A Skijoring We Will Go!
By Lynn Whittaker
Bow Wow U
In a place like New England where winter is inevitable, dog owners are always searching for things to do with their pets during the dreaded winter months. I say get outside and enjoy the snow, and consider Skijoring!
And what is Skijoring you may ask? Well, Skijor (Ski-Jur) is a Norwegian word that means “Ski Driving”. It began with the use of horses or reindeer, and today dog owners strap on a pair of cross country skis, tie a tug line around their waist and to their harnessed dog(s), and away they go! What used to be a breed-specific kind of sport using sled dogs has now become a sport that virtually any breed can enjoy.
This great sport requires little in the way of equipment and start-up gear to get going. There are, however, specific harnesses the dog must wear for their own safety as well as yours. There is a belt and a long tug line that connects you to the dog. Some boots for your dog’s feet, your cross-country skis, and you are good to go.
The minimum size requirement for a dog is about 35lbs., but you can also harness more than one dog at a time, and having dogs that love to run is helpful too! Professional instruction is available, as well as recommended. Some great resources to investigate are local Siberian Husky, Alaskan Malamute, or Mushing clubs for local competitions, or you can research on the internet. Skijoring needn’t be at a professional or competition level but can be at a recreational level which you and your dog may enjoy more.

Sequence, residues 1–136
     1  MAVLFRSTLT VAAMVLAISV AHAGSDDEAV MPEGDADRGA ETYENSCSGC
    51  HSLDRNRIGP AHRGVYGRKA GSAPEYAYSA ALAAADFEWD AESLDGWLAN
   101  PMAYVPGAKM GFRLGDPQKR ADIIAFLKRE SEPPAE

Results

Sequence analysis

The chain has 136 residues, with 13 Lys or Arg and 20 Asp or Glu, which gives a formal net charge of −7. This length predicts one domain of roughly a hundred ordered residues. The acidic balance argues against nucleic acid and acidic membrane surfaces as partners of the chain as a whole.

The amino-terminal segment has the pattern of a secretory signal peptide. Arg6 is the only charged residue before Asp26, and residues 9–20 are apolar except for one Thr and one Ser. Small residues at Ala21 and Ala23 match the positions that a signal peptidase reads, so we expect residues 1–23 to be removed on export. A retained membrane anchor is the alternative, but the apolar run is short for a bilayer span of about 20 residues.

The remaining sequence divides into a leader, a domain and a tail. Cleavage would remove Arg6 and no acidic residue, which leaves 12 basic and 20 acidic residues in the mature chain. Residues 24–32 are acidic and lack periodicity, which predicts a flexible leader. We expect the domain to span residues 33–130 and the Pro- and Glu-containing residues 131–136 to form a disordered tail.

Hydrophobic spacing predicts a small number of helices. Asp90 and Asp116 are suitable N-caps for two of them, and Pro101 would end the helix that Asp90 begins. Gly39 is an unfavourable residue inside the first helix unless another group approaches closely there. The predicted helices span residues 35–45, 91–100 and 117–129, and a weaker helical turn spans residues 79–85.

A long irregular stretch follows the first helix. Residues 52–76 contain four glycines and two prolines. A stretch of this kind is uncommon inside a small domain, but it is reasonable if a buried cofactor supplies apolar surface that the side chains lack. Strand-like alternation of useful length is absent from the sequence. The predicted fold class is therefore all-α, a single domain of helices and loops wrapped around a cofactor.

Visiting a competition will allow you to see Skijoring in action, as well as place you in touch with people who do this sport regularly. They may be able to direct you in searching for proper equipment, training techniques, and how to work together with your dog. It is clear that there needs to be teamwork and a certain level of bonding and trust between teams. You certainly do not want to place a harness on an unprepared dog.
There are also specific training terms used to guide the dogs like, “Gee” (turn right), “Haw” (turn left), “On By” (leave the distraction alone), and Whoa (stop).
You should also consider conditioning your pet to walk in the snow and being out in the cold climate for brief periods of time, building up as you go. You don’t want to cause any damage to their feet. Using doggie boots is probably a good idea as well, especially if you have a breed that does not have excess fur between its pads. Your dog may require a coat too if they don’t have natural double coats or longer fur.
There is a lot of information on this growing sport, and if it sounds like something you and your dog might like trying, go and gather the information, get your skis out and have some winter fun!